In the left hand inset, 'B' indicates the front lip of the mouth. The cutter is sharp. A 0.1mm (0.004inches) shaving is shown passing through the 'shaving aperture'. It rides some distance up the face of the cutter until it is deflected by the curved face of the cap iron. (Actually, a 0.1mm shaving is rather thick for finish work on a hardwood).
It indicates the ideal situation in which a finely-set shaving aperture enables the combined weight of the plane and the user to press downwards upon the fibres of the shaving.
The front lip of the mouth is shown filed by the user to a slight angle from the vertical. The intention is to ease the passage of shavings (usually less well-behaved than the one shown).
The grain is regarded as sloping downwards, ie the plane is working 'against the grain'.It could be called 'reverse grain'.
What appears to happen is that instead of being cut by the edge, the wood rives (splits) ahead of the cutter. It rides up the face of the cutter getting thicker, and therefore stronger, as the plane moves forwards. As it gets stronger the leverage applied by the cutter creates the area of stress indicated. Eventually, the fibres are torn out by their roots and we have the all-too-familiar tears in the wood's surface
The right-hand insetshows an exaggeratedly wider shaving aperture of about 5mm (0.2inches). Because the image has been doctored to show a blunt cutter, it appears rather higher than it should do.
The pictures we sometimes see of broken shavings (published elsewhere) are usually quite thick ones. Thick shavings made with a cutter that lacks a cap-iron will still break of their own accord.
As far as thin shavings are concerned, I think it is a mistake (though a very popular one) to say that the cap-iron to edge distance has much effect on the tearing. Some authors write that the cap-iron breaks the shaving and therefore reduces its effective length as a lever. However, a thin 'beam' will bend before it can do much levering. It is the lower section of the riven shaving that does the levering.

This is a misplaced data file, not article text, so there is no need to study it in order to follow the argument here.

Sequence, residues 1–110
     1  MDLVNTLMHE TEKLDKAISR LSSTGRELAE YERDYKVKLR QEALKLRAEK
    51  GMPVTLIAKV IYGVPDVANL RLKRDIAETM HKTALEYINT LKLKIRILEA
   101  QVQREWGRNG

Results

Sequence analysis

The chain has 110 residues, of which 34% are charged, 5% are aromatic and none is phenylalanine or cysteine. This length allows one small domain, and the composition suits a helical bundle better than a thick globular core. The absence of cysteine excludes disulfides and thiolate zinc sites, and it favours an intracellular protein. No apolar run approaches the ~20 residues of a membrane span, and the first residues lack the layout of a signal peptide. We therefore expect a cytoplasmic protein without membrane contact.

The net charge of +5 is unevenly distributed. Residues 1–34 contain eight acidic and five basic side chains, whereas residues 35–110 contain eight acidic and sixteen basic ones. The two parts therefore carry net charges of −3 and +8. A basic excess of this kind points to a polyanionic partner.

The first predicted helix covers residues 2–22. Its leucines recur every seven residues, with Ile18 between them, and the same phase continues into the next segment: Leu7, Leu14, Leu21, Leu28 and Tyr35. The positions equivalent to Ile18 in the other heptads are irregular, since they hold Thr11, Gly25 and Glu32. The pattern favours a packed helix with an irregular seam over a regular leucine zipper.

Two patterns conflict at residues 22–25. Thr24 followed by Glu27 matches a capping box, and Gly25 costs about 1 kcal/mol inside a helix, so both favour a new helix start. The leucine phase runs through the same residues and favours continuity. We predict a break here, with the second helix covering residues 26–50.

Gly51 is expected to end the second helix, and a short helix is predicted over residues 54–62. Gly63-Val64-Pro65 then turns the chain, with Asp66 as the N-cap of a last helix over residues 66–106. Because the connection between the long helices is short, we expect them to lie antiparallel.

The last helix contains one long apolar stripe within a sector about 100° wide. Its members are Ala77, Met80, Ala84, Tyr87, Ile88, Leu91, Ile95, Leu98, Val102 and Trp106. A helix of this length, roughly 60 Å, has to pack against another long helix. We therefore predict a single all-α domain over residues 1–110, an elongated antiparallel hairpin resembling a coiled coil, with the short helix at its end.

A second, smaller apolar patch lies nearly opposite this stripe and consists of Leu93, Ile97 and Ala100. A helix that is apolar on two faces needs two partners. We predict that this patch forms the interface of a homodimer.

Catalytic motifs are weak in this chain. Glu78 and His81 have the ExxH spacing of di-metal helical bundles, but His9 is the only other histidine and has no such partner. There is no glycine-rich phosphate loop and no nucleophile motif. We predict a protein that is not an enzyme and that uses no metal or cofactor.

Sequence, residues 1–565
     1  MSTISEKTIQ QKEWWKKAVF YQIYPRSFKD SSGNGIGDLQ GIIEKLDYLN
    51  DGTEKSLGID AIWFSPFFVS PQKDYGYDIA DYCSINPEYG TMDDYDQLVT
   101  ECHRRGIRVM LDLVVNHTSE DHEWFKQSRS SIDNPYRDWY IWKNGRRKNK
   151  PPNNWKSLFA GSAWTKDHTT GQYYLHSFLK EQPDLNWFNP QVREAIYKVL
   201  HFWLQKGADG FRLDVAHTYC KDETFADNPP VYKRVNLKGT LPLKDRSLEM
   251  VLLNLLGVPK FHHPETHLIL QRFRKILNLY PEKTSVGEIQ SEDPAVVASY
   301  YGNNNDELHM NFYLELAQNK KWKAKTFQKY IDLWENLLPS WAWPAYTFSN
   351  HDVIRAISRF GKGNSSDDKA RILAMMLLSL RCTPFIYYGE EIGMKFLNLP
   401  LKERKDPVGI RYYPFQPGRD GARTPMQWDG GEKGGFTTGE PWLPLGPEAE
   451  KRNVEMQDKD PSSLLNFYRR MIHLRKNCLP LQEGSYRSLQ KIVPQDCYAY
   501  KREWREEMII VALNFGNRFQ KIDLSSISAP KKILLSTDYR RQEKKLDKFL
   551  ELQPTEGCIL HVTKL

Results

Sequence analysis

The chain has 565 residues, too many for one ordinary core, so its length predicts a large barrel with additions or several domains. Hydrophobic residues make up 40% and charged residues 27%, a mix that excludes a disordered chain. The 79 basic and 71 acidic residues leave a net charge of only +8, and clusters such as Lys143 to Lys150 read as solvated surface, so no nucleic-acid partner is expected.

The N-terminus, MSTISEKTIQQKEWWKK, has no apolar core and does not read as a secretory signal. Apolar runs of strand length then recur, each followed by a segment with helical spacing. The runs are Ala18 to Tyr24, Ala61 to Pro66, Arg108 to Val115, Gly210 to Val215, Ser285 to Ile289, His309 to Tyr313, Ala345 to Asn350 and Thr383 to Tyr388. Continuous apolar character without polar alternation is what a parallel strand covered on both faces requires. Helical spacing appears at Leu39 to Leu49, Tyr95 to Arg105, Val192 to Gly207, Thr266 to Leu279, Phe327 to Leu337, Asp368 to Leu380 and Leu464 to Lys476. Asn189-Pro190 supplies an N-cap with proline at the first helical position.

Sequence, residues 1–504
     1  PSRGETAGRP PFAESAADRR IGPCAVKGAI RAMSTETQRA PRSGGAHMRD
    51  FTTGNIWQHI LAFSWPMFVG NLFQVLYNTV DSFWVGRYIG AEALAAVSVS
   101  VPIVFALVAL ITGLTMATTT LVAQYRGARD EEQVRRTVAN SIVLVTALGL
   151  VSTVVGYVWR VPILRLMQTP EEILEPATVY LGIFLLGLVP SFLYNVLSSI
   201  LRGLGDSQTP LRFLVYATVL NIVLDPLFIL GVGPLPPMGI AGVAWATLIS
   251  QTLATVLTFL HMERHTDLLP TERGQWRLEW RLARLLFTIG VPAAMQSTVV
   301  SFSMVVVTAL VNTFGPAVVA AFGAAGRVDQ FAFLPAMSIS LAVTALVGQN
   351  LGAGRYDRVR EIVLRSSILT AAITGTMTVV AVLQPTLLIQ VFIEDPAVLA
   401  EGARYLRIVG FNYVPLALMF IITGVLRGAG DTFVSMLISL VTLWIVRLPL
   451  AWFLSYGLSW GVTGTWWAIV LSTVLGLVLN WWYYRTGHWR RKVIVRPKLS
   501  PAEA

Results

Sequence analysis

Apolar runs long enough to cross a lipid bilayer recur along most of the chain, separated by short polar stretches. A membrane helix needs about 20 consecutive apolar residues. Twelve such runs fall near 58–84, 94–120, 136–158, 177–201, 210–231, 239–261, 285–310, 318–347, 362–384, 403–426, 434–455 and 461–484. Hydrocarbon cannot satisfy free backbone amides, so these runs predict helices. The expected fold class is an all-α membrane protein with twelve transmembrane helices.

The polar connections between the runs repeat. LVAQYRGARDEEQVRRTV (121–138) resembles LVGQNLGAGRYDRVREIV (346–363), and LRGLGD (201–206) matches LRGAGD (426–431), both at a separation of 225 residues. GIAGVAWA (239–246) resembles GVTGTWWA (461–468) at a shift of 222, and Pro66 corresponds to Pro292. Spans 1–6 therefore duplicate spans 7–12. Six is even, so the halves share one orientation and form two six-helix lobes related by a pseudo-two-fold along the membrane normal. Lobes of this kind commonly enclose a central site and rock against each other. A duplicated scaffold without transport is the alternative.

Naturally, it will do no harm to keep the cap-iron as close as possible before clogging happens. If a plane with a gnat's whisker shaving aperture clogs, try moving the cap-iron back a little and all will probably be well.
Have as fine a shaving aperture as possible and a very sharp cutting edge. Apply downwards pressure on the plane. Slewing the plane might help, but the plane is now travelling over a greater area. It can help to plane in a direction obliquely to the grain direction, ie planing somewhat across the grain.
Another dodge is to increase the effective cutting angle by forming a 5 - 10deg bevel on the forward face of the cutter. This creates more of a scraping action, but makes the plane harder to push.
The snag is that smoothing planes cannot reach small localised bad patches. The surrounding area has to be lowered to the same level so that the plane blade can reach.
The same applies to scraper planes, hence the smaller the sole of the scraper plane, the smaller the patch it can reach. Hand-held cabinetmaker's scrapers will work into a small area and can thereby create a distinct hollow. Unfortunately any unevenness can show on highly polished surfaces. Can't win can you?
Try to avoid torn patches in the first place. If, when working entirely by hand, your trying plane and jack plane have equally well-tuned apertures, the risk is reduced. Scrub plane across the grain (or diagonally across). If you are going to have stuff machined, do your best to check the quality of the current output of the planer in question.